Activities Requiring IRB Review
FDA Regulated Research
Questions to ask yourself to help determine if the activity is FDA regulated research:
- Does the activity involve the use of a drug (including an approved drug or an over-the-counter drug), other than the use of an approved drug in the course of medical practice?
- Does the activity involve the use of a medical device (including an approved medical device), other than the use of an approved medical device in the course of medical practice? (Note that medical devices generally include devices intended for the use in the diagnosis of disease or other conditions, or in the cure, mitigation, treatment, or prevention of disease, in humans or other animals, and devices intended to affect the structure or any function of the body of humans or other animals.
- Will data be submitted to the FDA or held for their inspection?
If the answer to one of the above questions is “yes,” then your study is FDA regulated and may need an IND or IDE from the FDA before the IRB will be able to approve the study.
“Research” as defined by DHHS is a systematic investigation, including research development, testing, and evaluation, designed to develop or contribute to generalizable knowledge.
DHHS regulations specify that the following activities are NOT research:
- Scholarly and journalistic activities (e.g., oral history, journalism, biography, literary criticism, legal research, and historical scholarship) including the collection and use of information, that focus directly on the specific individuals about whom the information is collected.
- Public health surveillance activities, including the collection and testing of information or biospecimens, conducted, supported, requested, ordered, required, or authorized by a public health authority.
- Collection and analysis of information, biospecimens, or records by or for a criminal justice agency for activities authorized by law or court order solely for criminal justice or criminal investigative purposes.
- Authorized operational activities (as determined by each agency) in support of intelligence, homeland security, defense, or other national security mission.
“Research” (which is synonymous with Clinical Investigation) as defined by FDA means any experiment that involves a test article and one or more human subjects, and that either must meet the requirements for prior submission to the Food and Drug Administration under section 505(i) or 520(g) of the Federal Food, Drug, and Cosmetic Act, or need not meet the requirements for prior submission to the Food and Drug Administration under these sections of the Federal Food, Drug, and Cosmetic Act, but the results of which are intended to be later submitted to, or held for inspection by, the Food and Drug Administration as part of an application for a research or marketing permit. The terms research, clinical research, clinical study, study, and clinical investigation are synonymous for purposes of FDA regulations. [21 CFR 50.3(c), 21 CFR 56.102(c)]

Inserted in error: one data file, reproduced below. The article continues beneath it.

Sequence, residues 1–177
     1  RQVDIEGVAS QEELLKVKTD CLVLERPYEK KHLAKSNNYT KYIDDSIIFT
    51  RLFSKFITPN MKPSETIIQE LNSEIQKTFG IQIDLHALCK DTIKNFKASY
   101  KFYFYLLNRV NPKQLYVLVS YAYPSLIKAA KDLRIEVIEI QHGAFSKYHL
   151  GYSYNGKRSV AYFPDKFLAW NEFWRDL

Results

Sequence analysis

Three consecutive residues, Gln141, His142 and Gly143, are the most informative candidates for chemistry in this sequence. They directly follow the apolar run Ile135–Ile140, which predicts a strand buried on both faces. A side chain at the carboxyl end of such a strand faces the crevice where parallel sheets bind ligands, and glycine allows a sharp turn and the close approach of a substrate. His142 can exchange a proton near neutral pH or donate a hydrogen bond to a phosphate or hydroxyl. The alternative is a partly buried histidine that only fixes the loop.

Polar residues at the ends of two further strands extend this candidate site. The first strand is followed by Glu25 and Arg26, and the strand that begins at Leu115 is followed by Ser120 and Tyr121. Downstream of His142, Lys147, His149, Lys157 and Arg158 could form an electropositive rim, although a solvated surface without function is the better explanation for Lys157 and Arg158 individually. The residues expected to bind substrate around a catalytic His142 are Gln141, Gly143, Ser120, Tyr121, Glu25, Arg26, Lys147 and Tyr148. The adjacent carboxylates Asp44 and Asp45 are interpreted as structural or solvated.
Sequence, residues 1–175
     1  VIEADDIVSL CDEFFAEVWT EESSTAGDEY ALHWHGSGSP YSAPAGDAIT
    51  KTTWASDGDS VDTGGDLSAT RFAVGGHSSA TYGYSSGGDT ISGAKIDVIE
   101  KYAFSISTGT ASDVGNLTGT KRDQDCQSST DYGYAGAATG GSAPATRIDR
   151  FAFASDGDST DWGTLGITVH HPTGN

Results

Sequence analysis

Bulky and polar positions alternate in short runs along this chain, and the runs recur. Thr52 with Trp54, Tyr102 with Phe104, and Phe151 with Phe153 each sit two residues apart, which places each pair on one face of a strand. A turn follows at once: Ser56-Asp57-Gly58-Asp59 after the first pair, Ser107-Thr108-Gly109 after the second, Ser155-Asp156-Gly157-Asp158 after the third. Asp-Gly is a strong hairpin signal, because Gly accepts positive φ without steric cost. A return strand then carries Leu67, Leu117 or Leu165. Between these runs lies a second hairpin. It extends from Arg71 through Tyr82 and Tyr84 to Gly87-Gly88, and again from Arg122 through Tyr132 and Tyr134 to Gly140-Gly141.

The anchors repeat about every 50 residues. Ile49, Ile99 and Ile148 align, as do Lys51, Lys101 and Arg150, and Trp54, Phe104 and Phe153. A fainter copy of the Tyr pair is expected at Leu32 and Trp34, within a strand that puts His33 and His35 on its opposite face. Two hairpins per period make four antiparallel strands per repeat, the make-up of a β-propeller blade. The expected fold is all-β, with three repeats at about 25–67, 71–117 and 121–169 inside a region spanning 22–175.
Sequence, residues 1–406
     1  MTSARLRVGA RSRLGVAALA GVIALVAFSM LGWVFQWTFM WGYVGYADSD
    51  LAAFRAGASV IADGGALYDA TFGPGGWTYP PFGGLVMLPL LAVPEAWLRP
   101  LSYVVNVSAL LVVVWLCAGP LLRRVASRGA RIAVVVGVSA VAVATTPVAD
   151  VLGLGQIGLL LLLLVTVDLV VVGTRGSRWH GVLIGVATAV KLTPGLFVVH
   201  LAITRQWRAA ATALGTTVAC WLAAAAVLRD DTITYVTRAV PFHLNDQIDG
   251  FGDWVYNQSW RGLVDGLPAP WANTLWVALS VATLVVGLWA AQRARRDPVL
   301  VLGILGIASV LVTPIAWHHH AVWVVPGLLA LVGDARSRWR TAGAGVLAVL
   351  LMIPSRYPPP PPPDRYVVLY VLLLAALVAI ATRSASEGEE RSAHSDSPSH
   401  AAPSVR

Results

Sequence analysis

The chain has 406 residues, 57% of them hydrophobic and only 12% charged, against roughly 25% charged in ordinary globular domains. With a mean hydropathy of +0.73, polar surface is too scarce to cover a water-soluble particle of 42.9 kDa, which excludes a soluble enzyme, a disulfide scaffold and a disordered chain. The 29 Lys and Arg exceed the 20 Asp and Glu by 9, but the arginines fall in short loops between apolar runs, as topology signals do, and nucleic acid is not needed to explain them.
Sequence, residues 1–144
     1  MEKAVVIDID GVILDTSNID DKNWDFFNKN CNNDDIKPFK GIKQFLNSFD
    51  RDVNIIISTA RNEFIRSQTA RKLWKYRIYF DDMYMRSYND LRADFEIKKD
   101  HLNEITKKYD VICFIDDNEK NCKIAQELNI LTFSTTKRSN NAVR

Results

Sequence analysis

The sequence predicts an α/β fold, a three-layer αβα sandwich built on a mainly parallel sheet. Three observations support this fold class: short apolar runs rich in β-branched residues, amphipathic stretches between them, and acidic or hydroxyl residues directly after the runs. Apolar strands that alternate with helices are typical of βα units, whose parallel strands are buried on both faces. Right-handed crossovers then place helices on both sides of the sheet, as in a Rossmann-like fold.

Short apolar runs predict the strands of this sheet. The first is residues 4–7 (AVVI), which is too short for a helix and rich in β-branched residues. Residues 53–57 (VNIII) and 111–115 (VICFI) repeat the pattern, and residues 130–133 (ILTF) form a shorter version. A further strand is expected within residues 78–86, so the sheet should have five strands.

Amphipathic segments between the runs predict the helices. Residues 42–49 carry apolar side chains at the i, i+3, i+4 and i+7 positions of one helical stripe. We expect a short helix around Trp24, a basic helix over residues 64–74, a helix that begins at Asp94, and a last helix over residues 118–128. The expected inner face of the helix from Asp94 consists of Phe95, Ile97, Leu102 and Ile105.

- “Experiments that must meet the requirements for prior submission to the Food and Drug Administration under section 505(i) of the Federal Food, Drug, and Cosmetic Act” means any use of a drug other than the use of an approved drug in the course of medical practice. [21 CFR 312.3(b)]
- “Experiments that must meet the requirements for prior submission to the Food and Drug Administration under section 520(g) of the Federal Food, Drug, and Cosmetic Act” means any activity that evaluates the safety or effectiveness of a device. [21 CFR 812.2(a)]
“Intervention” as defined by DHHS regulations means both physical procedures by which data are gathered (for example, venipuncture) and manipulations of the subject or the subject’s environment that are performed for research purposes. [45 CFR 46.102(f)]
“Interaction” as defined by DHHS regulations means communication or interpersonal contact between investigator and subject. [45 CFR 46.102(f)]
“Private information” as defined by DHHS regulations means information about behavior that occurs in a context in which an individual can reasonably expect that no observation or recording is taking place, and information which has been provided for specific purposes by an individual and which the individual can reasonably expect will not be made public (for example, a medical record). [45 CFR 46.102(f)]
“Identifiable information” as defined by DHHS means information that is individually identifiable (i.e., the identity of the subject is or may readily be ascertained by the investigator or associated with the information).
Resources to Help Decide if an Activity must be Submitted to the IRB
- Examples of activities that may or may not be human subjects research
- NIH Decision Tool: Am I doing human subjects research?
If you are unsure and would like help making a determination before submitting to the IRB, contact the IRB staff via email or online chat.